How Boris, Bibi and Trump Are Learning the Limits of Their Populist Power
The Knesset and the House of Commons have almost nothing in common. But in recent weeks, a strange “Israelization” seems to have been creeping into Westminster.
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Echoes of the toxic Israeli political discourse could be heard on the green benches. They were there two weeks after Britain’s Supreme Court ruled that Prime Minister Boris Johnson’s decision to prorogue Parliament had been unlawful and after Attorney General Geoffrey Cox (in Britain this is a political appointment, equivalent to Israel’s justice minister) threatened that in the future the politicians might appoint the judges and the powers of the Supreme Court would be curtailed.
– Haaretz Weekly Ep. 43
Haaretz Weekly Ep. 43Haaretz
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Next, it was Johnson’s turn to accuse the opposition of voting for a “surrender act” when a majority in Parliament passed a law preventing Britain from leaving the European Union without a deal on October 31. When lawmakers accused him of inciting violence against them, he retorted: “I’ve never heard such humbug in all my life.” Johnson — whose political survival depends on his ability to deliver Brexit by the end of the month, with or without a deal — is leading an assault on British law and parliamentary procedure. He has so far refused even to publicly commit to abiding by the law passed last month to prevent a no-deal Brexit.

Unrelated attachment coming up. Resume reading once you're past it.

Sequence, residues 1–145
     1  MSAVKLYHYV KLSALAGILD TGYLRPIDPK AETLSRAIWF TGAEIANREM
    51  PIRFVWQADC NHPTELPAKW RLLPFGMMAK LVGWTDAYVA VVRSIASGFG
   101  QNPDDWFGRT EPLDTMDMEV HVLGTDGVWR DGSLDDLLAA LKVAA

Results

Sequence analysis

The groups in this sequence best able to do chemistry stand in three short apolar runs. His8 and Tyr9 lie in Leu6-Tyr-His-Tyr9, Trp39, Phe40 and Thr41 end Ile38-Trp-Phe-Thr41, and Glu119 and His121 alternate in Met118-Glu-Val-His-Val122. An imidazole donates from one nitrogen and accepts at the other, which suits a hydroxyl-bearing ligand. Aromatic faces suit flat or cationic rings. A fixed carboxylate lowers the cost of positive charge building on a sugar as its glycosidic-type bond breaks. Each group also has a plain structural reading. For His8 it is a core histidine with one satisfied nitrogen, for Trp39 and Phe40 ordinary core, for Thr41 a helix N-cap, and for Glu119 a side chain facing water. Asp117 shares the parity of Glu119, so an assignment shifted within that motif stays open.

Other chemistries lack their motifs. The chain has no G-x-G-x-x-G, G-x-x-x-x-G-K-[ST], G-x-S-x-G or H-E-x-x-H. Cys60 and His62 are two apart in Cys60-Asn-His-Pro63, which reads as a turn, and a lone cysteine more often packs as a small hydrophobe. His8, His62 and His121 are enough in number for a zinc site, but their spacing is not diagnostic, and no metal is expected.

What Prime Minister Benjamin Netanyahu has been doing in his attempt to avoid justice in his three corruption cases — trying to cobble together a majority in the Knesset that would support granting him immunity from prosecution, and a law bypassing the High Court of Justice’s power to quash that immunity — are disconcertingly similar.